Cover: Cataract Blindness and Simulation-Based Training for Cataract Surgeons

Cataract Blindness and Simulation-Based Training for Cataract Surgeons

An Assessment of the HelpMeSee Approach

Published Feb 21, 2013

by James R. Broyles, Peter Glick, Jianhui Hu, Yee-Wei Lim

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Research Questions

  1. What are the projections for cataract cases and surgery backlog?
  2. What are some existing models for cataract surgery training and delivery?
  3. What is the projected impact of the HelpMeSee approach?
  4. What are some potential challenges to the HelpMeSee approach?

Cataracts account for about half of all cases of blindness worldwide, with the vast majority in developing countries, where blindness and visual impairment can reduce life expectancy and economic productivity. Most of these cases can be cured by quick, inexpensive surgical procedures, but a shortage of trained surgeons makes it unlikely that the need for such surgeries — estimated to reach 32 million cases globally by 2020 — can be met under current practices. HelpMeSee Inc. (HMS) is developing an approach to surgery training and delivery that includes use of high-fidelity simulator technology and associated curricula for high-volume training, development of a system of independent private practitioners, and training where necessary of individuals without medical degrees. RAND researchers determined that the program has the potential to scale up surgical capacity rapidly and that under optimistic assumptions, the HMS program could largely close the backlog of surgical cases in the four major regions studied, resulting in 21 million cases of cataract-caused visual impairment in 2030, compared with 134 million cases under the status quo. The program also promises to have large impacts on health and productivity, and the estimated costs per year of disability averted suggest that the intervention would be highly cost-effective in each of the regions researched. However, a number of significant challenges need to be met, particularly in the areas of outreach, remote monitoring of independent practitioners (especially non-doctors), and public and legal acceptance of non-doctors as surgeons. It is important to carefully pilot and monitor the approach before fully scaling up.

Key Findings

Cataracts Are a Growing Problem Worldwide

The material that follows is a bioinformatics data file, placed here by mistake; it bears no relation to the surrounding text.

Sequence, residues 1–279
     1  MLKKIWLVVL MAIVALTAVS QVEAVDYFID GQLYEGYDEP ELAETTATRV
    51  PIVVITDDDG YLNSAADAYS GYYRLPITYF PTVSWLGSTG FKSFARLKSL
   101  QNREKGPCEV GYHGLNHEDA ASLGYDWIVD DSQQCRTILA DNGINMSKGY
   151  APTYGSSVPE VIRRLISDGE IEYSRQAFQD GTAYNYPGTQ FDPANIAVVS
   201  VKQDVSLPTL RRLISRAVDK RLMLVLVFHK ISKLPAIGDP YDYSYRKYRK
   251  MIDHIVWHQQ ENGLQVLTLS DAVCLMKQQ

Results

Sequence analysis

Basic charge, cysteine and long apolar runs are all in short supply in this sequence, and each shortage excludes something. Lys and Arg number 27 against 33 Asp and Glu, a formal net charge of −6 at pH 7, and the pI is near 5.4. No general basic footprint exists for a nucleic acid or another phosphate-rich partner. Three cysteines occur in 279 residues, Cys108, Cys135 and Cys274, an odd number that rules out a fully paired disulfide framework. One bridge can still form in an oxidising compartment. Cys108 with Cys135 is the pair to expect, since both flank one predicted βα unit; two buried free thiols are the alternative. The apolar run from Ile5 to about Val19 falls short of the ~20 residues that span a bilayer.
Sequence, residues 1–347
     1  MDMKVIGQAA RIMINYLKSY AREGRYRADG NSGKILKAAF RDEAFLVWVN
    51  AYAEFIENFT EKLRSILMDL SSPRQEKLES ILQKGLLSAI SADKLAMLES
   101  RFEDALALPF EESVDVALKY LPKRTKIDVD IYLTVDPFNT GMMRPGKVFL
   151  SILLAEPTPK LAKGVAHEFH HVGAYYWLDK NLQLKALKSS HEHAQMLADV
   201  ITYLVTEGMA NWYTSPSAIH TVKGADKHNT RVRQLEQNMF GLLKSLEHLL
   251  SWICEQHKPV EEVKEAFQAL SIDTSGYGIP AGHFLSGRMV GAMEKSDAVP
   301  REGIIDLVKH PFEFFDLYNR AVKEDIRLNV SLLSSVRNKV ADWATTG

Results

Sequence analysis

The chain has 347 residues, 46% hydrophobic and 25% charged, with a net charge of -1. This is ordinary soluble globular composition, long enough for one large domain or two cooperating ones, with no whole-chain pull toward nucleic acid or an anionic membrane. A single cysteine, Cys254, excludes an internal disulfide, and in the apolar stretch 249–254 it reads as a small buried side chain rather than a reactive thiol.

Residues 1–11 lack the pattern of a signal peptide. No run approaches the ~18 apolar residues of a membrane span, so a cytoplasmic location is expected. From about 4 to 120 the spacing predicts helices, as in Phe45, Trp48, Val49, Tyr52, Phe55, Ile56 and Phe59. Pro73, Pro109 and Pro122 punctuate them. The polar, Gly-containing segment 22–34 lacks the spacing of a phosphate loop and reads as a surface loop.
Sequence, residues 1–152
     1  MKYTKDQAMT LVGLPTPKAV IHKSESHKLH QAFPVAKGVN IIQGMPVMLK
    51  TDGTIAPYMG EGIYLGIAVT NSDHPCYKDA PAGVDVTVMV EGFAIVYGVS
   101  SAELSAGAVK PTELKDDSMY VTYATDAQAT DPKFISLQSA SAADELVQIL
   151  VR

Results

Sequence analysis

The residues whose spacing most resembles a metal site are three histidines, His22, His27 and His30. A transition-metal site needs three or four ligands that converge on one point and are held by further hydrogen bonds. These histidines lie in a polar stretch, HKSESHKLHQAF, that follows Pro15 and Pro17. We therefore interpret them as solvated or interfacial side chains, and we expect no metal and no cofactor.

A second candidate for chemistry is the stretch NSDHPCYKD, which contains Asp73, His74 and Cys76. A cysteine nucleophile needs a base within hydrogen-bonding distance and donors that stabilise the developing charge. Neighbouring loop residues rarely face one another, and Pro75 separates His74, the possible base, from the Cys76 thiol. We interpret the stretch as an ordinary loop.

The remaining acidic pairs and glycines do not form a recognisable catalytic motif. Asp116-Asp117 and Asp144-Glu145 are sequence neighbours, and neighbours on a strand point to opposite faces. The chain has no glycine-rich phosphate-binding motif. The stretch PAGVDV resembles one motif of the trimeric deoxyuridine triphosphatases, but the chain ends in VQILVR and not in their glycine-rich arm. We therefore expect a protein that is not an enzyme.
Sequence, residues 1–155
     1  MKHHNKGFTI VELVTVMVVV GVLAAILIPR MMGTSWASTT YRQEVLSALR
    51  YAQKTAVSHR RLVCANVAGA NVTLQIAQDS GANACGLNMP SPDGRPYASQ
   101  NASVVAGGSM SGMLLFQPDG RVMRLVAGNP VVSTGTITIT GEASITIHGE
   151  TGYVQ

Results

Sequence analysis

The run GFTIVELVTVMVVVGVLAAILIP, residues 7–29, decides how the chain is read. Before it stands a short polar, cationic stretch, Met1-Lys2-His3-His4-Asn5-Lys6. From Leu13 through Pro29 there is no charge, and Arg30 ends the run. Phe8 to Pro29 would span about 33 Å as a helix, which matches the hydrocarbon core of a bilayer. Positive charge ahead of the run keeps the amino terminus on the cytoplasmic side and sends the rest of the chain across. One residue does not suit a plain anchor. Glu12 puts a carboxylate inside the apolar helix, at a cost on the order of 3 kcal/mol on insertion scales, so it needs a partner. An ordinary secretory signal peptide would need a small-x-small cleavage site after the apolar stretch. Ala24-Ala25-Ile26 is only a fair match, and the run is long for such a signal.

• Cataracts account for about half of all cases of blindness worldwide, with the majority in developing countries. A shortage of trained surgeons makes it unlikely that the need for such surgeries—estimated to reach 32 million cases globally by 2020—can be met under current practices.

Cataract Treatment Improves Economic Output for Developing Countries

  • By reducing cataract cases, the program potentially will have significant impacts on future economic output. This reflects the large expected losses to national income due to cataract-caused visual impairment under the status quo.

HelpMeSee Approach Expedites Training Process

  • HelpMeSee Inc. (HMS) will have the capacity to scale up surgical capacity rapidly, reflecting the speed with which new simulator training produces surgeons.
  • Once surgeons are in place, effects on the number of cataract cases will be determined mainly by the level of demand or uptake.

Challenges to the HMS Approach

  • There appears to be a potential for a significant surplus of surgical capacity (and surgeons) once the cataract surgery backlog is eliminated or reduced as much as it can be given uptake rates.
  • Arranging for the screening will be the responsibility of the practitioner. This and other aspects of managing a practice may impose a significant burden on practitioners who are expected to perform high-volume surgery.
  • Monitoring of performance is a particular concern due to geography and the number of HMS surgeons who will not be trained doctors or even medical professionals. HMS is developing a technology-driven approach to this issue.


The HMS model should be carefully piloted and assessed before fully scaling up the approach. HMS recognizes this and is planning a pilot study that would involve assessments by external experts. The objective of the pilot is to assess the effectiveness of the simulator and courseware training approach. In addition to its own evaluation, HMS plans to have external evaluators measure these outcomes.

The sophisticated remote monitoring of outcomes, the reliance on independent practitioners, and a supply chain system to serve myriad dispersed practitioners should either be evaluated in a pilot study, or with careful ongoing monitoring and adjustments. A judicious approach would be to set up one full-fledged training center in one region, and allow several years to assess how the various components of the complete model perform.

It would be advisable to follow the initial pilot with a similar size cohort of nondoctors and nonmedical professionals, to establish the effectiveness of the training approach for this group, or point to areas for improvement. This should be done before considering going to scale in the training of nondoctors. Subsequent monitoring of quality outcomes and the effectiveness of remote monitoring systems for this group of specialists will be essential.

The simulator may have significant benefits as a training tool for other cataract systems. If the HMS pilot study demonstrates the pedagogical effectiveness of the simulator, it would be worth exploring whether the simulator technology can increase training output and efficacy in more standard cataract surgery systems as well.

The research described in this report was sponsored by HelpMeSee, Inc. and was conducted within RAND Health, a unit of the RAND Corporation.

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